Ulcerative Colitis Disease stages
Ulcerative Colitis Disease Stage 1- Denial
I was diagnosed: ulcerative colitis disease- pancolitis- all over colitis- not the left side or the right side but everywhere. Finally, a name for the pain, the bleeding, the nausea. I was diagnosed with ulcerative colitis disease which meant they could give me drugs, drugs that would solve my problem and relieve my pain. Soon, it would all be over. I began with mesalamine enemas, but they didn’t reach far enough into my colon to reduce the inflammation. Next, the same anti-inflammatory but in a more comfortable orifice. Then, I was given steroids- a magic drug that stopped the ulcerative colitis disease pain, stopped the bleeding and made me nuts. My face grew to be the size of a cantaloupe. I had a double chin and acne. I couldn’t stand to look in the mirror, as the face reflected there bore no resemblance to the woman I knew myself to be.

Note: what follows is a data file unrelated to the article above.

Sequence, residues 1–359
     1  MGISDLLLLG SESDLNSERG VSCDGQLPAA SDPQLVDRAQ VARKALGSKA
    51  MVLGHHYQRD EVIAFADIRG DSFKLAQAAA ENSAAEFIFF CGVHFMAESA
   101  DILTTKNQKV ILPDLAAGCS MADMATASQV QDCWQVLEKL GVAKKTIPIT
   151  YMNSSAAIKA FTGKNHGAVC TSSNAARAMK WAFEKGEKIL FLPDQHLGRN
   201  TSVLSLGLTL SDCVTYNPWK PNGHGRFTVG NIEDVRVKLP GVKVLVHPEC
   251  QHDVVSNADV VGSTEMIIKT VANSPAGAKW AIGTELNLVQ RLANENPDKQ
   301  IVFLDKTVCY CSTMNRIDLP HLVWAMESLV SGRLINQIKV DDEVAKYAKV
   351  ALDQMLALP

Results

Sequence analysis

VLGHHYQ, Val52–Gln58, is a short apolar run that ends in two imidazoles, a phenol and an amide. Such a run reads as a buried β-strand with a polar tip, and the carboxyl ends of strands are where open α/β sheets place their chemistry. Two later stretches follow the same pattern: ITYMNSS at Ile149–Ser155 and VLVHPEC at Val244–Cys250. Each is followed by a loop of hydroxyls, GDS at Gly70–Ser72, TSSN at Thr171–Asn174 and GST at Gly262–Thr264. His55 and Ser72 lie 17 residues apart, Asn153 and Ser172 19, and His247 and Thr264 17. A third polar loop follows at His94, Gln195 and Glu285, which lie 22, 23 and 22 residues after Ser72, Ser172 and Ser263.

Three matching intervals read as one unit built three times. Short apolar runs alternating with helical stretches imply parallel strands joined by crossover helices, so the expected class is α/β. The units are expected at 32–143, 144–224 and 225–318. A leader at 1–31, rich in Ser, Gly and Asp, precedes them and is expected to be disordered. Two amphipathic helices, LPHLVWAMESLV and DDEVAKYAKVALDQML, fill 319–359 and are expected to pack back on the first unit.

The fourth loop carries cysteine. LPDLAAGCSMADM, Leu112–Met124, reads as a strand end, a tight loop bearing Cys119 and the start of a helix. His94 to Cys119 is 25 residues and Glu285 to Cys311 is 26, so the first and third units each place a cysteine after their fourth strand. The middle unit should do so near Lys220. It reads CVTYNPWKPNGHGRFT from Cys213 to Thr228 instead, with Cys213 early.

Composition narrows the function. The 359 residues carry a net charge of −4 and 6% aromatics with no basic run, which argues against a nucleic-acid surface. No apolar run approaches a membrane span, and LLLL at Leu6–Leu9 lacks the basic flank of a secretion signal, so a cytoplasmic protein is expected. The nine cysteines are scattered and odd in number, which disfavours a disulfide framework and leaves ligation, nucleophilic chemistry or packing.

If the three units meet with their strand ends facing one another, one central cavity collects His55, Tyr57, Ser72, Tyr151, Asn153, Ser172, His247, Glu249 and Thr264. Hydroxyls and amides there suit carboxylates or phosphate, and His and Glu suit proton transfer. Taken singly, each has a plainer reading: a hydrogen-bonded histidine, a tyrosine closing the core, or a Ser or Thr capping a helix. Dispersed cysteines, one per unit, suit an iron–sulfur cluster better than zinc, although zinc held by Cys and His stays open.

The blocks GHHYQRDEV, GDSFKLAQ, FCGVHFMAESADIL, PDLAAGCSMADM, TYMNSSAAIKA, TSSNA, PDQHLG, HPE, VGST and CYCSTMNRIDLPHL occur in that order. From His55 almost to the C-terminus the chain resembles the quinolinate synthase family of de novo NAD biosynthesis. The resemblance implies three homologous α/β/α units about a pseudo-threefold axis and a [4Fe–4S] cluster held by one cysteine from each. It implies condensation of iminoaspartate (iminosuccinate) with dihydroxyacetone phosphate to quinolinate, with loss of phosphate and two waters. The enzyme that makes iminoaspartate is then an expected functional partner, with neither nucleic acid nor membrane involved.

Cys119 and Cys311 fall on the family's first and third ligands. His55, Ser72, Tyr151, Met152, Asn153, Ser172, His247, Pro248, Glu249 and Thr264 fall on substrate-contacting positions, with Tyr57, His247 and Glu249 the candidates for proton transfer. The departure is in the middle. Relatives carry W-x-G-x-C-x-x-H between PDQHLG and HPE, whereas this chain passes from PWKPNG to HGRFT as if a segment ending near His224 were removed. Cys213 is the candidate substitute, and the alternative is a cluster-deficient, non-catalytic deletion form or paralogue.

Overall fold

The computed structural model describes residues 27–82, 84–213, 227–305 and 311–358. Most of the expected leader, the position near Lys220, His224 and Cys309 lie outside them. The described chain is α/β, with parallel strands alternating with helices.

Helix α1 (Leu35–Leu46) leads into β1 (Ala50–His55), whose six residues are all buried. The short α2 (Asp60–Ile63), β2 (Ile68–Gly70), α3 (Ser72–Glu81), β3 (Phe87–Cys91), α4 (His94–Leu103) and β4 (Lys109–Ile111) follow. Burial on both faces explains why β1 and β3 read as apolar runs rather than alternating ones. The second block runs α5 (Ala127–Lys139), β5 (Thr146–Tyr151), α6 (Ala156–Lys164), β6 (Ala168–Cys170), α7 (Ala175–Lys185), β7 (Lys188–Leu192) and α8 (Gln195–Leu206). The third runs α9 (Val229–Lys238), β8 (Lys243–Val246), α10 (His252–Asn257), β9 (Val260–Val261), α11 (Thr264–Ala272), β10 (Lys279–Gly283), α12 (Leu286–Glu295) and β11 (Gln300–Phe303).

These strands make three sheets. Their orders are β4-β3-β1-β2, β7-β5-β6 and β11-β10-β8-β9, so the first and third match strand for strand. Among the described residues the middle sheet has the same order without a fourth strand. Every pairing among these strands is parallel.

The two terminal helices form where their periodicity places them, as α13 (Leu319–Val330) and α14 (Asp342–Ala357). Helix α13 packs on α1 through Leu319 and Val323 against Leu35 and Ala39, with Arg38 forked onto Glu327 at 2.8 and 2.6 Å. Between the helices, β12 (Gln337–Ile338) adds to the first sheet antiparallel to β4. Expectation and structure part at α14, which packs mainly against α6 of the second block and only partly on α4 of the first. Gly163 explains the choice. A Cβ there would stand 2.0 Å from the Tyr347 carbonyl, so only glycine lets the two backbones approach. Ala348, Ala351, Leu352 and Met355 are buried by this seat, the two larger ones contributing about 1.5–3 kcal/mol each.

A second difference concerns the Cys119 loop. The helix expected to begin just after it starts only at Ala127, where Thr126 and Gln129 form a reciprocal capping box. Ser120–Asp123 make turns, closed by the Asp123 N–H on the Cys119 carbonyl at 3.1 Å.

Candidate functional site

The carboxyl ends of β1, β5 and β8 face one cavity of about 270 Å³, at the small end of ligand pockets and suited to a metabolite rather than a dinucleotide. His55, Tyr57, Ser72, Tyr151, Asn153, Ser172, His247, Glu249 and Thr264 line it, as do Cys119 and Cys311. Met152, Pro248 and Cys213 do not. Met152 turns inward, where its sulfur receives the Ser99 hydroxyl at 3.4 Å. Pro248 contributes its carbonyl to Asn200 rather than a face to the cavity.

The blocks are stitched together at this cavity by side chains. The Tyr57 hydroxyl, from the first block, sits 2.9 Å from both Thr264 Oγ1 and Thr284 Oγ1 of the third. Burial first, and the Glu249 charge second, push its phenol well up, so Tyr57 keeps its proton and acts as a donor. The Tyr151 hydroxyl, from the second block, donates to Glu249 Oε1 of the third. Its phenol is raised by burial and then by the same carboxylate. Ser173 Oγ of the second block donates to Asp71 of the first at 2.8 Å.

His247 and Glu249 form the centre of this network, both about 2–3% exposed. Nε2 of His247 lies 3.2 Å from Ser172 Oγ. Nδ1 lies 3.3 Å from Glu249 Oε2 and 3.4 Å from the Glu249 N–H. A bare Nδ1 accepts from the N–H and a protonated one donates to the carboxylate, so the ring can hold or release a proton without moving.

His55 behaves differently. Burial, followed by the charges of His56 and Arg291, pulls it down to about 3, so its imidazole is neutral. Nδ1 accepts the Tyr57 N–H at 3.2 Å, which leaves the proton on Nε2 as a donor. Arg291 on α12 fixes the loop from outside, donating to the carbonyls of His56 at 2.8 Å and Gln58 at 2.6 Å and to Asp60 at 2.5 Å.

As I weaned myself off of the steroids, I put my hope in the next ulcerative colitis disease drug Colazol, and then the next drug Lialda, and then the next drug Remicade, and then the next drug Humira, and then Imuran. As I progressed through each of these drugs I maintained the belief that the next one would be the one, the answer. When my body reacted to the mouse proteins of Remicade with hyperventilation, I started to really worry. How could a 3-hour infusion not get rid of it? OK, Humira was the answer. A starter pack of 6 shots and then self-injections once every two weeks. Still problems? Increase the dosage to once a week. Still problems? Add in the Imuran at 50 mg a day.
After the scheduled colonoscopy, my doctor asked if I wanted my husband in the room to hear the results. “Of course,” I said.My husband and our two-year old daughter entered the room. The ulcerative colitis disease doctor seemed concerned as he spoke about there being no change in the state of ulceration. “Increase the dosage of Imuran to 100 mg,” he said, “Have you considered the possibility of surgery?”